On the way home, Katie and I did a quick stop at Snoqualmie Falls.  We checked out the falls, which at 268 feet tall is the 6th highest waterfall in Washington State.  It has two powerhouses generating power for Puget Sound Energy; one is actually buried underground!  Snoqualmie Falls and the Salish Lodge that is located at the top of the falls, were both also featured in Twin Peaks, giving Katie a Twin Peaks trifecta for the day.

It was a great day!

Monte Cristo Hike

July 15, 2017

In July, I went on another hike I’d never done before, an 8 mile round-trip hike over a relatively flat route to a gold and silver mining site.  The ghost town of Monte Cristo.

Between 1890 and 1907, Monte Cristo experienced a huge boom, growing to over 1,000 people at its peak, with 13 active mines and 211 active mining claims.  It was the first mine site on the west side of the Cascade Mountain range.  John D. Rockefeller took an interest in the site and for a period of time Frederick Trump, grandfather of President Trump, operated a boom-town hotel and brothel there.

At first the town and the mines were profitable, but over-estimates of the ground’s ore potential and frequent floods took their toll.  Most of the ore was near the surface; it was rarely profitable to go more than 500 feet down below the surface.  The river also flooded several times, requiring expensive repairs to the road and the railroad line in order to keep the ore flowing out to the smelter.

After mining operations ceased in 1907, for several decades there were attempts to keep the town going as a resort destination, with only limited success.  The county road to Monte Cristo was flooded in 1980 and not rebuilt, and the only remaining business, a lodge, burned down in 1983.  Monte Cristo is a ghost town today. A few original buildings and relics remain, as well as several more cabins from the various resort town efforts. The forests have grown back, so it is tough to imagine the bare hillsides with tramways and men bringing ore down from the steep mountains.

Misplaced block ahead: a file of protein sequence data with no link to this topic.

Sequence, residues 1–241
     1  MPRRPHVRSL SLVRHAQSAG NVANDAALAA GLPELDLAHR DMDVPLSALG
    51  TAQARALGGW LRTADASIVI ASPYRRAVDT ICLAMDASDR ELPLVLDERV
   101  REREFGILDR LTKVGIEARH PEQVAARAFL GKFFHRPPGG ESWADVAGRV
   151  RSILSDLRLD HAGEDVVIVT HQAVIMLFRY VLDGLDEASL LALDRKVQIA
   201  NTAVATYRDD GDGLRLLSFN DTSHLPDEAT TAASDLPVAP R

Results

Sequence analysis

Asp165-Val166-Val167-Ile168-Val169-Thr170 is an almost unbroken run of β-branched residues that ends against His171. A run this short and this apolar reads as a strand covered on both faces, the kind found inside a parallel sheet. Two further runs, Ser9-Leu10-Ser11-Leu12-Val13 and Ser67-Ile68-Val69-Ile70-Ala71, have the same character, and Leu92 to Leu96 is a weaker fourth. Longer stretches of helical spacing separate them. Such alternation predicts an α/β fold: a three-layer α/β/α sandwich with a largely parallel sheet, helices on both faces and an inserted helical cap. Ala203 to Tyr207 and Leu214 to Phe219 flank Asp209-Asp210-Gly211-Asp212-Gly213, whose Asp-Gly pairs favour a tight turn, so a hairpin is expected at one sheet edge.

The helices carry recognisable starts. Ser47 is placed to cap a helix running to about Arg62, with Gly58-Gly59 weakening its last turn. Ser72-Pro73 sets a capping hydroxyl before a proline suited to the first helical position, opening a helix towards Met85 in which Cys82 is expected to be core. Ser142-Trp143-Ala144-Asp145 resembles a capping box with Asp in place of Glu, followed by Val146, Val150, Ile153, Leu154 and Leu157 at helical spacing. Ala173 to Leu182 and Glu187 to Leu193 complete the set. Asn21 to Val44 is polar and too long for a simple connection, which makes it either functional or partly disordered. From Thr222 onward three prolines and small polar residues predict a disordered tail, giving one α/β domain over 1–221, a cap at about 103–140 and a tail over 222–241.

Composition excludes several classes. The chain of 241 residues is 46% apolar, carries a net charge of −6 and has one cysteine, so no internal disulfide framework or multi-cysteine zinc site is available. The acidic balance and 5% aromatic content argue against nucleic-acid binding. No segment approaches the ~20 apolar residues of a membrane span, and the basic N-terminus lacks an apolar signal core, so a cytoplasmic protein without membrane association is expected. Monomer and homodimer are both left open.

The route follows most of the old route taken by the miners over a century ago.  Floods over the years have washed out the road alongside the South Fork of the Sauk River.  The hike starts at the Barlow Pass trailhead on the North Cascades – Mountain Loop Highway and travels along the road for about 4 miles. You have to cross over the river on a large fallen tree at one point, but it is wide and flat enough that it doesn’t feel treacherous.

A view of the mountains on the hike in

There is a slight incline the entire way, with a total elevation gain of 700 feet to a final elevation of 2,800 feet.  The scenery is stunning, with the shallow river showing its rocky bed, and the craggy mountains above.  The 8 miles are pretty easy miles as long as you can handle the distance.

A Wiggin’s Lily at Monte Cristo

Once in the town it was fun to just wander around, seeing the old cabins and reading the signs showing where other buildings used to be.  There has been some remediation done in the area, in order to clean up the heavy metals that still exist in the mine tailings.  There is still a lot more work to be done, so they recommend you don’t drink the water there, or at a minimum filter it.

There is a pack-in campsite; it looks like a fun place to stay the night and explore the town.  I wonder if there are ghosts!

West 2016: Grand Teton Tidbits

The Chapel of the Sacred Heart is located within the boundaries of the park at the south end of Jackson Lake.  It was originally built in 1937 outside of the park, but Grand Teton’s boundaries changed after that and now include the beautiful log chapel.